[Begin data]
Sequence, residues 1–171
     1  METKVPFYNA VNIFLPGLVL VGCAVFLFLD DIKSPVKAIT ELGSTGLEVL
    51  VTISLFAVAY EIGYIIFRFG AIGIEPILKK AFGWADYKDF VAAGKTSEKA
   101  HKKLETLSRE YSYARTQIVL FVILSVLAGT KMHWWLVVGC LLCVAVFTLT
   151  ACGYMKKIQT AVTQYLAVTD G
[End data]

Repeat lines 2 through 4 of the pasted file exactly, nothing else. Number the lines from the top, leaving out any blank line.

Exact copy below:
     1  METKVPFYNA VNIFLPGLVL VGCAVFLFLD DIKSPVKAIT ELGSTGLEVL
    51  VTISLFAVAY EIGYIIFRFG AIGIEPILKK AFGWADYKDF VAAGKTSEKA
   101  HKKLETLSRE YSYARTQIVL FVILSVLAGT KMHWWLVVGC LLCVAVFTLT